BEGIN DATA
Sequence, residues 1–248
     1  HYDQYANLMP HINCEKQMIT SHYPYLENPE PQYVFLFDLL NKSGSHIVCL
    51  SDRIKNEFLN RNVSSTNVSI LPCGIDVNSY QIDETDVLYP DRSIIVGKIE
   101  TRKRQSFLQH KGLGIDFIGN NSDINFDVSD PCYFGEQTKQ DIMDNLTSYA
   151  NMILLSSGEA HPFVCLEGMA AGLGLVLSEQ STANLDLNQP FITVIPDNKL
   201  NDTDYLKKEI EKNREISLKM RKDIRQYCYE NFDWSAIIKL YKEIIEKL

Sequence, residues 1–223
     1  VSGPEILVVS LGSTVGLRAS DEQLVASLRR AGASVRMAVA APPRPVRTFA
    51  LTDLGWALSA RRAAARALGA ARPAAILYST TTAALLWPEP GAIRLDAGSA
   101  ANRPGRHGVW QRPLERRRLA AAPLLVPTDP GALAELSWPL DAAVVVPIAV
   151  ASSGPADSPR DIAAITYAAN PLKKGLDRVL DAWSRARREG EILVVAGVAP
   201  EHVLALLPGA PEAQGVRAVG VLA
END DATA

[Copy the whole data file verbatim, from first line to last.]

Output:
Sequence, residues 1–248
     1  HYDQYANLMP HINCEKQMIT SHYPYLENPE PQYVFLFDLL NKSGSHIVCL
    51  SDRIKNEFLN RNVSSTNVSI LPCGIDVNSY QIDETDVLYP DRSIIVGKIE
   101  TRKRQSFLQH KGLGIDFIGN NSDINFDVSD PCYFGEQTKQ DIMDNLTSYA
   151  NMILLSSGEA HPFVCLEGMA AGLGLVLSEQ STANLDLNQP FITVIPDNKL
   201  NDTDYLKKEI EKNREISLKM RKDIRQYCYE NFDWSAIIKL YKEIIEKL

Sequence, residues 1–223
     1  VSGPEILVVS LGSTVGLRAS DEQLVASLRR AGASVRMAVA APPRPVRTFA
    51  LTDLGWALSA RRAAARALGA ARPAAILYST TTAALLWPEP GAIRLDAGSA
   101  ANRPGRHGVW QRPLERRRLA AAPLLVPTDP GALAELSWPL DAAVVVPIAV
   151  ASSGPADSPR DIAAITYAAN PLKKGLDRVL DAWSRARREG EILVVAGVAP
   201  EHVLALLPGA PEAQGVRAVG VLA